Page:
Gamified and Self-Adaptive Applications for the Common Good: Research Challenges Ahead

by   Antonio Bucchiarone, et al.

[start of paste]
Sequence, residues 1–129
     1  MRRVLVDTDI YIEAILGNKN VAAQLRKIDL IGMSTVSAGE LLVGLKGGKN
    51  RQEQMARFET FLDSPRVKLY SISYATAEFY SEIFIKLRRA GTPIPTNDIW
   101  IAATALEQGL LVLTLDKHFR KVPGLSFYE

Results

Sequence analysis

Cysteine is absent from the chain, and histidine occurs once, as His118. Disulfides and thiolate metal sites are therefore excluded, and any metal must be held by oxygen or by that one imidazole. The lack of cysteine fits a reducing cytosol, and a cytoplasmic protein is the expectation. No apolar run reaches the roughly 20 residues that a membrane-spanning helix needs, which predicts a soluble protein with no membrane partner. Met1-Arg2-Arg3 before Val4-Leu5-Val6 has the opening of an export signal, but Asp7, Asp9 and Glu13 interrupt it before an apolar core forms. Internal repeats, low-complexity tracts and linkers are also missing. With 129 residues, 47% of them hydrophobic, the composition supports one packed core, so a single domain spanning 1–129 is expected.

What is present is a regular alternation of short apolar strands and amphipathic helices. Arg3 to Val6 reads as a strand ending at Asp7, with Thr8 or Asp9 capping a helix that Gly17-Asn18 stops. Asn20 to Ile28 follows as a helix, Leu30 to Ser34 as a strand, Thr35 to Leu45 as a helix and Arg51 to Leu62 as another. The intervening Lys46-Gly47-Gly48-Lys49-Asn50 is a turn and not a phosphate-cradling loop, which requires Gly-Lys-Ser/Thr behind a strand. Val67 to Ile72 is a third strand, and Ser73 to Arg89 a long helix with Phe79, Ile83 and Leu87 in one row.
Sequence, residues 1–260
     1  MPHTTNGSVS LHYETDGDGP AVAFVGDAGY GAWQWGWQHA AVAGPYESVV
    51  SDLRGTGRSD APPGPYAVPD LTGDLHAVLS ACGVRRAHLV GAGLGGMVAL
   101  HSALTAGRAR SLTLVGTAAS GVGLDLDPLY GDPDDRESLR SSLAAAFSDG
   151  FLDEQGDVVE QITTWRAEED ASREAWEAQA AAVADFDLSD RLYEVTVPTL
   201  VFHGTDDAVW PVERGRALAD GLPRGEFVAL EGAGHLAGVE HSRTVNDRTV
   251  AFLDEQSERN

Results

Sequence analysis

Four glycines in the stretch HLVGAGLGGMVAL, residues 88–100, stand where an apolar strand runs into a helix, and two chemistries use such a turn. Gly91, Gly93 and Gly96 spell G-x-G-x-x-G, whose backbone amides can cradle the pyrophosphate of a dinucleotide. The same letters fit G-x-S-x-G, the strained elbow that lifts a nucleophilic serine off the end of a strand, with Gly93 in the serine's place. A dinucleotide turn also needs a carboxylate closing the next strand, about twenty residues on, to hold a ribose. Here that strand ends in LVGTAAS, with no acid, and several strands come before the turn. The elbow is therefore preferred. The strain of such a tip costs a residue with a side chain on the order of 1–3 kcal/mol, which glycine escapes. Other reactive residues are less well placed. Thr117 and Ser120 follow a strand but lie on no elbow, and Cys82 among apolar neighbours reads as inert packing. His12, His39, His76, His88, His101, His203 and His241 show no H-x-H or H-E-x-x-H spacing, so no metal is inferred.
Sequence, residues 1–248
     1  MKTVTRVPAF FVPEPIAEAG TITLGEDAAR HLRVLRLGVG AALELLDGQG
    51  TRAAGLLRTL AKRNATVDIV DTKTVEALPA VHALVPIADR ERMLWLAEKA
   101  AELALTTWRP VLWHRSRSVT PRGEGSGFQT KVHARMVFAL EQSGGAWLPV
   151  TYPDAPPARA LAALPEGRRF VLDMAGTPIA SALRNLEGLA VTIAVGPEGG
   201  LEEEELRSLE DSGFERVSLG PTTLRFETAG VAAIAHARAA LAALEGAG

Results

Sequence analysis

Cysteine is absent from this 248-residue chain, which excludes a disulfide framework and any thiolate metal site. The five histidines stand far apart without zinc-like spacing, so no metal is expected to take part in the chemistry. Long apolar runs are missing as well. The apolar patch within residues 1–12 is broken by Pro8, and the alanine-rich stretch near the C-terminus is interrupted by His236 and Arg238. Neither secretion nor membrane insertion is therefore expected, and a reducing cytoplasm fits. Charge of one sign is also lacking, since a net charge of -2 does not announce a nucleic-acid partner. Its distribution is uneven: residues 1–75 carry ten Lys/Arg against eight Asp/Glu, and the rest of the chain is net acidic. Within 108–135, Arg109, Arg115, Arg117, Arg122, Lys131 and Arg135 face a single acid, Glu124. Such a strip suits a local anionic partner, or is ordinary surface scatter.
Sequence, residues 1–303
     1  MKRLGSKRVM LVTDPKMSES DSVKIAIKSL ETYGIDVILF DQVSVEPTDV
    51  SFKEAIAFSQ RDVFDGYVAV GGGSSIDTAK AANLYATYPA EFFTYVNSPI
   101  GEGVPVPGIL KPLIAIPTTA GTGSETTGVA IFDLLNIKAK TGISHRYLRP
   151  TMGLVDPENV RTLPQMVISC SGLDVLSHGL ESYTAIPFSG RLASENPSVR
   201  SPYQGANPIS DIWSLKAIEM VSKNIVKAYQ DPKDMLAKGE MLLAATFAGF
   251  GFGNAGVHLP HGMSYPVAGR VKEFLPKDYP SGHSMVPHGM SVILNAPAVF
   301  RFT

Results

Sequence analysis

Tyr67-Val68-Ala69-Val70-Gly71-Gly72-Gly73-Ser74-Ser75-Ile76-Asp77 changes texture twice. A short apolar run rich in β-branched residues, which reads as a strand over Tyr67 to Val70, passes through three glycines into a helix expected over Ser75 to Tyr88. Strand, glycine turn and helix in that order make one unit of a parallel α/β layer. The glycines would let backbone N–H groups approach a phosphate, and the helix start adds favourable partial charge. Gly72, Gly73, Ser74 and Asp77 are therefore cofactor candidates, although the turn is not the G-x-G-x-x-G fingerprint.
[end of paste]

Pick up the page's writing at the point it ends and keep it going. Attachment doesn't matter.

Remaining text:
Motivational digital systems offer capabilities to engage and motivate end-users to foster behavioral changes towards a common goal. In general these systems use gamification principles in non-games contexts. Over the years, gamification has gained consensus among researchers and practitioners as a tool to motivate people to perform activities with the ultimate goal of promoting behavioural change, or engaging the users to perform activities that can offer relevant benefits but which can be seen as unrewarding and even tedious. There exists a plethora of heterogeneous application scenarios towards reaching the common good that can benefit from gamification. However, an open problem is how to effectively combine multiple motivational campaigns to maximise the degree of participation without exposing the system to counterproductive behaviours. We conceive motivational digital systems as multi-agent systems: self-adaptation is a feature of the overall system, while individual agents may self-adapt in order to leverage other agents' resources, functionalities and capabilities to perform tasks more efficiently and effectively. Consequently, multiple campaigns can be run and adapted to reach common good. At the same time, agents are grouped into micro-communities in which agents contribute with their own social capital and leverage others' capabilities to balance their weaknesses. In this paper we propose our vision on how the principles at the base of the autonomous and multi-agent systems can be exploited to design multi-challenge motivational systems to engage smart communities towards common goals. We present an initial version of a general framework based on the MAPE-K loop and a set of research challenges that characterise our research roadmap for the implementation of our vision.


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